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Spotlight: The Power of Objectivity In Dementia Caregiving

Recently I caught a replay of the 2015 movie Spotlight. The Academy Award-winning film recounts how in the early 2000’s The Boston Globe exposed the Catholic Church child sexual abuse scandal.  Like most people who were raised Catholic, I was shocked and heartbroken.

Child sexual abuse was going on long before this story broke. So what brought it to light?  During the year 2001, Marty Baron became The Boston Globe’s new editor-in-chief.  He was Jewish.  He was from Miami.  And I believe he’s why the story ultimately was told.  

Baron had the objectivity to see the facts in a way that most Catholic Bostonian reporters could not.   And isn’t that how it is with so much in life?  Often it takes a fresh perspective to shed light on a problem.

Frequently caregivers lack objectivity when caring for their loved ones who have Alzheimer’s disease or other dementia diagnoses.  Why?  Many people caregiving for those with dementia spend endless hours with their loved ones.  They don’t see friends as often as they once did.  Social activities disappear.  Leaves of absence are taken from jobs.  Hobbies are forgotten.  Frequently nutrition, sleep, and exercise go out the window.  This isolation and lack of self-care often contribute to a lack of objectivity about what is best for themselves and their loved ones who have dementia.

Who are the Marty Barons who will shine a spotlight on your dementia caregiving journey?  

  1. Family and friends.  When a family member or friend who truly loves you says, “You don’t look good” or “I’m worried about you” this should be a wake-up call.  If multiple people who love you tell you this, it’s an urgent call to action.  This likely means your self-care has diminished to a level where both you and your loved one with dementia are at risk.  This means it’s time to allow others in the family/friend network to support your caregiving efforts with their money, energy and time.  Or it might even be time to explore outside resources like respite, home care or even senior living.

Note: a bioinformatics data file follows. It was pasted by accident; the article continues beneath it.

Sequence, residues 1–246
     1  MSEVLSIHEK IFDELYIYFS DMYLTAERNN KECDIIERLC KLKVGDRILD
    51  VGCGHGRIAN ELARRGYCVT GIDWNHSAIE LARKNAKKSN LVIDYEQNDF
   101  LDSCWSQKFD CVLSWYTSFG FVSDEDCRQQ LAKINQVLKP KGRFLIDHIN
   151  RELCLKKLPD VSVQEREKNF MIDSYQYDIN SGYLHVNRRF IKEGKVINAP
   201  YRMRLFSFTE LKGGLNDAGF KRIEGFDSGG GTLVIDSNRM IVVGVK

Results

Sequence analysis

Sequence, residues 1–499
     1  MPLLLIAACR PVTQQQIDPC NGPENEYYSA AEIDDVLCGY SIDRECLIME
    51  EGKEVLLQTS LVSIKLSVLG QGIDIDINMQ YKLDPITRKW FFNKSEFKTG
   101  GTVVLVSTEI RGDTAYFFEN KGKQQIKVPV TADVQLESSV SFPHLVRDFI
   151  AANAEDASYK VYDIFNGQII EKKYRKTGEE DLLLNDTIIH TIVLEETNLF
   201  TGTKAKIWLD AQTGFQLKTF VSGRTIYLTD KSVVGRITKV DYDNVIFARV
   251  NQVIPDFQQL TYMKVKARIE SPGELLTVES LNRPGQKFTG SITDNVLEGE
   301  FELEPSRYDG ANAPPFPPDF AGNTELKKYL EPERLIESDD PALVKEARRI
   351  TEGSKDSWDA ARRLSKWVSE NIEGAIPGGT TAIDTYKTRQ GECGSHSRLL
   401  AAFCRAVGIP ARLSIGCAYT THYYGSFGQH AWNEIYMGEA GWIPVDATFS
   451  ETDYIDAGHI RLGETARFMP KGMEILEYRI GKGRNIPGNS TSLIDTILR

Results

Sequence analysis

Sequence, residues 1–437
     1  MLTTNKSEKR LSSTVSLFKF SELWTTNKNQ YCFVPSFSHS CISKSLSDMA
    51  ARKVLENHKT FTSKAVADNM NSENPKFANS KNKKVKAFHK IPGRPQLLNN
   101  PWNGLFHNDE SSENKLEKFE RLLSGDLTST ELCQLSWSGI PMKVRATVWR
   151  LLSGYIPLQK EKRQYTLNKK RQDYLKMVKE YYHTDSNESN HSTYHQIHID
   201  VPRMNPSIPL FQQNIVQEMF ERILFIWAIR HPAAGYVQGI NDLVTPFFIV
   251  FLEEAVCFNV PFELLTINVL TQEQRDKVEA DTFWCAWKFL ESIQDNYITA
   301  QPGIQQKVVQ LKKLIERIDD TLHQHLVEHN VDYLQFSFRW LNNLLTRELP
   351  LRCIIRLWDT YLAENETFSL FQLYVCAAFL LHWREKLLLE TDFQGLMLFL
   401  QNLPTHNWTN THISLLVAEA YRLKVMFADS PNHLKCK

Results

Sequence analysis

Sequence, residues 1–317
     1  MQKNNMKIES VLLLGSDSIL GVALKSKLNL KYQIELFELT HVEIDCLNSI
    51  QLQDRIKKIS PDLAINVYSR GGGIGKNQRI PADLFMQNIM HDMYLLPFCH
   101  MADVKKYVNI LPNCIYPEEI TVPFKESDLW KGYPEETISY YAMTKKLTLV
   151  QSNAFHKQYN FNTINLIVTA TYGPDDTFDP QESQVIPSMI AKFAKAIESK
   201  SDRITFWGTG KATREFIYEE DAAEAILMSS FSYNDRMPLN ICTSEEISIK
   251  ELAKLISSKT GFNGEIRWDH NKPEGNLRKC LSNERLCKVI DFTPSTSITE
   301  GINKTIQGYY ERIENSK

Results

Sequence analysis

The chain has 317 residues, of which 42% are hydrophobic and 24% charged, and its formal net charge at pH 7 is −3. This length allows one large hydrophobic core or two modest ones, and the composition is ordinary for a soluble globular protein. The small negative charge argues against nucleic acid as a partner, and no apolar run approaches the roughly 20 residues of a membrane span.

2. Healthcare professionals.  When a healthcare professional with expertise in dementia tells you that the way you are communicating with your loved one is ineffective or harmful, it’s time to adjust your approach.  Are you arguing with your mom who thinks it’s winter when 4th of July is around the corner?  Are you constantly reminding her that she’s “home” and she becomes upset because she doesn’t recognize her house?  Do you try to reason with her when she asks for your dad who died years ago?  When trusted healthcare providers suggest “joining her world,” a therapeutic “fib” or redirecting mom, give their suggestions a try.
  3. Support group members and others who have been dementia caregivers.  Objective perspectives are often found by those who have been there and done that.  Support groups are filled with people who have made the same mistakes you are making.  Some of them will smile knowingly and gently persuade you to hire a home care aide or take that vacation.  Others will give you tough love and tell you to get over yourself because you can’t do it all.  

While in the throes of dementia caregiving, it’s hard to take the long view.  Be open to the spotlights of objectivity shone on your situation so you can take better care of your loved one and yourself.


Jennifer L. FitzPatrick, MSW, LCSW-C, CSP

(Certified Speaking Professional)

is a speaker, consultant, author and founder of Jenerations Health Education, Inc. One of less than 800 Certified Speaking Professionals worldwide, Jennifer is the author of Reimagining Customer Service in Healthcare and Cruising Through Caregiving: Reducing The Stress of Caring For Your Loved One. She was a gerontology instructor at Johns Hopkins University's Certificate on Aging program for over a decade and has been featured on ABC, CBS, Sirius XM and in Forbes, U.S. News & World Report, Redbook, Fast Company and countless other media outlets. Her board appointments include serving as a Care Advisory Board Member for Seth Rogen & Lauren Miller Rogen's non-profit HFC (Hilarity for Charity).

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